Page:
Neurotoxins

Do you know what some spiders, snakes, scorpions, bees, mussels, and pufferfish have in common? Well, besides, scaring you, these animals have poisons that act on the nervous system. These poisons (called neurotoxins) are used by the animals for protection against predators or for capturing prey. The table below indicates 1) the names of the neurotoxins, 2) the animals from which the neurotoxin comes from and 3) the action of the neurotoxin on a neuron. The word "channel" refers to a type of protein molecule that different ions use to cross the neuronal membrane.
Now if you ever get bitten or stung by one of these animals, at least you will know what is happening to your nervous system!!

NameSourceNeuronal Action
AgatoxinFunnel Web SpiderBlocks calcium channels
AgitoxinScorpionBlocks potassium channels
alpha-bungarotoxinKrait (snake)Blocks acetylcholine (nicotinic) receptor
AnatoxinAlgaeAcetylcholine receptor agonist
ApaminHoney beeBlocks potassium channels
AtracotoxinBlue Mountains Funnel Web SpiderBlocks voltage-gated calcium channels
ATX IISea AnemoneActivates voltage-gated sodium channels
BatrachotoxinPoison Arrow FrogPrevents sodium channels from closing
beta-bungarotoxinKrait (snake)Inhibits release of ACh at neuromusuclar junction and blocks potassium channels
Botulinum toxinBacteriaBlocks acetylcholine release
BrevetoxinRed Tide DinoflagellateActivates sodium channels
CalcicludineEastern Green MambaBlocks voltage-gated calcium channels
CalciseptineBlack MambaBlocks voltage-gated calcium channels
CapsaicinCayenne PepperExcites peripheral nerve endings
CharybdotoxinScorpionBlocks potassium channels
CiguatoxinDinoflagellate Opens sodium channels
CobrotoxinCobraBlocks nicotinic receptors
ConotoxinMarine SnailSeveral types: one blocks voltage-sensitive calcium channels;
one blocks voltage-sensitive sodium channels;
one blocks ACh receptors.
CrotoxinS. American RattlesnakeReduces acetylcholine release
DendrotoxinGreen MambaBlocks voltage-gated potassium channels
Domoic acidBlue musselGlutamate/kainate receptor agonist
ErabutoxinSea SnakeBlocks acetylcholine (nicotinic) receptors
rErgtoxin-1Mexican ScorpionBlocks potassium channels
Fasciculin-IEastern Green MambaBlocks action of acetylcholinesterase
Grammotoxin SIASouth American Rose TarantulaBlocks calcium channels
GonyautoxinDinoflagellateBlocks sodium channels
HolocyclotoxinAustralian paralysis tickInhibits release of acetylcholine
Homobatrachotoxin Pitohui (bird)Activates sodium channels
rHongotoxin-1Central American ScorpionBlocks potassium channels
HWTX-IChinese bird spiderBlocks calcium channels
IberiotoxinScorpionBlocks potassium channels
Joro spider toxinJoro spiderBlocks glutamate receptors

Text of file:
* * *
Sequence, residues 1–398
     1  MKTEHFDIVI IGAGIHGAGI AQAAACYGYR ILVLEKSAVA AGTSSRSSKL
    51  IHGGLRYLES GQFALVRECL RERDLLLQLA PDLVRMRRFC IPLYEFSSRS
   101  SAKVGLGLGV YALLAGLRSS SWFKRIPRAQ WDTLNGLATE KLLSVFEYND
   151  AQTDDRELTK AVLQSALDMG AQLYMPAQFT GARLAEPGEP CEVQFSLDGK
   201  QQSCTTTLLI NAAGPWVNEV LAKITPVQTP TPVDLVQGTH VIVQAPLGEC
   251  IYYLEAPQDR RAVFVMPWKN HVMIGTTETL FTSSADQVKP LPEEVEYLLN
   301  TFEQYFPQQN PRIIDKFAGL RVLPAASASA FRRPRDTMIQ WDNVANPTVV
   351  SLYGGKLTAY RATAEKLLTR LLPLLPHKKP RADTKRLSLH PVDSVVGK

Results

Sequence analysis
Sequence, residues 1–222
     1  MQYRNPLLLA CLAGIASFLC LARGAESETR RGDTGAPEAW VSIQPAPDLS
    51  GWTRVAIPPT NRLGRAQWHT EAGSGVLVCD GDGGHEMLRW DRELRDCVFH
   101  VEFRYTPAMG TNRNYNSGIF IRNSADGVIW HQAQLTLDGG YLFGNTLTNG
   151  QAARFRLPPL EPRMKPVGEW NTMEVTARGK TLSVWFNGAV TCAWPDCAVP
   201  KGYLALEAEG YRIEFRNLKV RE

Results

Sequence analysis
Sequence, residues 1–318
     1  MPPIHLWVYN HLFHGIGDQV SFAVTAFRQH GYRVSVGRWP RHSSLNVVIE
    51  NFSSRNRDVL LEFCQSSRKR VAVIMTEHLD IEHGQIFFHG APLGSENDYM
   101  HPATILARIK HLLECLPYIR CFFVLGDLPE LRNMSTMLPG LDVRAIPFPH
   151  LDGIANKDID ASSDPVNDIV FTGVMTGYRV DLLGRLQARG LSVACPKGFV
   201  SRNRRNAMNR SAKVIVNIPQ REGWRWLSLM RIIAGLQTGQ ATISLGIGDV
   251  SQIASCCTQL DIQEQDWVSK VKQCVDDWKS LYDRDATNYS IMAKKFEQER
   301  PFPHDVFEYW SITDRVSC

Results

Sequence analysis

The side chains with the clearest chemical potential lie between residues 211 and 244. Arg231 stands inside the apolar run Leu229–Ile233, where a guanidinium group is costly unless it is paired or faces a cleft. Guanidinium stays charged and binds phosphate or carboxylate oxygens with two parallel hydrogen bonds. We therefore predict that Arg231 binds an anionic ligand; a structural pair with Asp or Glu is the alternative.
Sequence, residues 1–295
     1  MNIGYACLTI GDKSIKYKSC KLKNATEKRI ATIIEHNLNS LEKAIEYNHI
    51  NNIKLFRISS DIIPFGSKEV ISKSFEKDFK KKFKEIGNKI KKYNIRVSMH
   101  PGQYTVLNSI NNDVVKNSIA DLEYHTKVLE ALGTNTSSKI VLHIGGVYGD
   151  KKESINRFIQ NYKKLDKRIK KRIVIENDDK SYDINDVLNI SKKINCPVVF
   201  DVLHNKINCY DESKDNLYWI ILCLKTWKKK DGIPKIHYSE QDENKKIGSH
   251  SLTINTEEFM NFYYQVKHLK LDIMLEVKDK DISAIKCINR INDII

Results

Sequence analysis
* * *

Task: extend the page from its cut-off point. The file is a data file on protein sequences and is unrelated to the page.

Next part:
KaliotoxinScorpionBlocks potassium channels
KurtoxinSouth African ScorpionBlocks calcium channels
LatrotoxinBlack Widow SpiderEnhances acetylcholine release
MaculotoxinBlue-Ringed OctopusBlocks sodium channels
MargatoxinScorpionBlocks potassium channels
MaurotoxinScorpionBlocks potassium channels
NoxiustoxinScorpionBlocks sodium channels
PalytoxinSoft coralPoisons sodium/potassium pump; opens channels
PhilanthotoxinPredaceous WaspBlocks glutamate receptors
PhoneutriatoxinBanana spiderSlows sodium channel inactivation
PhrixotoxinChilean fire tarantulaBlocks potassium channels
PompilidotoxinSolitary WaspActivates voltage-gated sodium channels
RobustotoxinFunnel web spiderOpens sodium channels
SaxitoxinDinoflagellateBlocks sodium channels
ScyllatoxinScorpionBlocks potassium channels
SNX-482African TarantulaBlocks calcium channels
Stichodactyla ToxinSea AnemoneBlocks voltage-gated potassium channels
rStromatoxin-1African TarantulaBlocks voltage-gated potassium channels
TaicatoxinAustralian Taipan snakeInhibits voltage-gated calcium channels
TaipoxinAustralian Taipan snakeInhibits release of acetylcholine
rTamapinIndian Red ScorpionBlocks potassium channels
TertiapinHoney beeBlocks potassium channels
Tetrodotoxin (TTX)PufferfishBlocks sodium channels
TextilotoxinAustralian common brown snakeBlocks release of acetylcholine
Tityustoxin-KBrazilian ScorpionBlocks potassium channels
VersutoxinFunnel web spiderOpens sodium channels

A good reference on Neurotoxins is: Trends in Neuroscience, June 1996, supplement.

Also see venoms (Society for Neuroscience) and the International Venom and Toxin Database for more information about neurotoxins. There are many chemicals that are also toxic to the nervous system.

Just in case you encounter a poisonous snake, make sure you know how to treat and prevent a venomous bite. Find out more about venomous animals at Victims of Venom from PBS.

Did you know?

Even though the pufferfish contains the neurotoxin called tetrodotoxin, it is eaten as a delicacy in Japan. In Japan, this dish is called "fugu." Each fugu chef must have a special license to make this food. Nevertheless, a few people do get poisoned from eating the pufferfish if it is prepared incorrectly. Tetrodotoxin is found in the liver, skin and eggs of the pufferfish. Tetrodotoxin has also been detected in other animals such as the tropical goby, blue ringed octopus, and some species of crabs, starfish, newts and frogs. [Fugu Recipes]
Venomous snakes can be dangerous even after they are dead. In a study published in the New England Journal of Medicine, it was reported that 14.7% of the people envenomed by rattlesnakes were "bitten" by snakes that were dead or thought to be dead.

Try it!

Think you know your neurotoxins? Try this "Match the Toxin" worksheet. If you have trouble or want to check your answers, here is an answer sheet. Note: both of these pages require the free Adobe Acrobat Reader

BACK TO: Exploring the Nervous System Table of Contents

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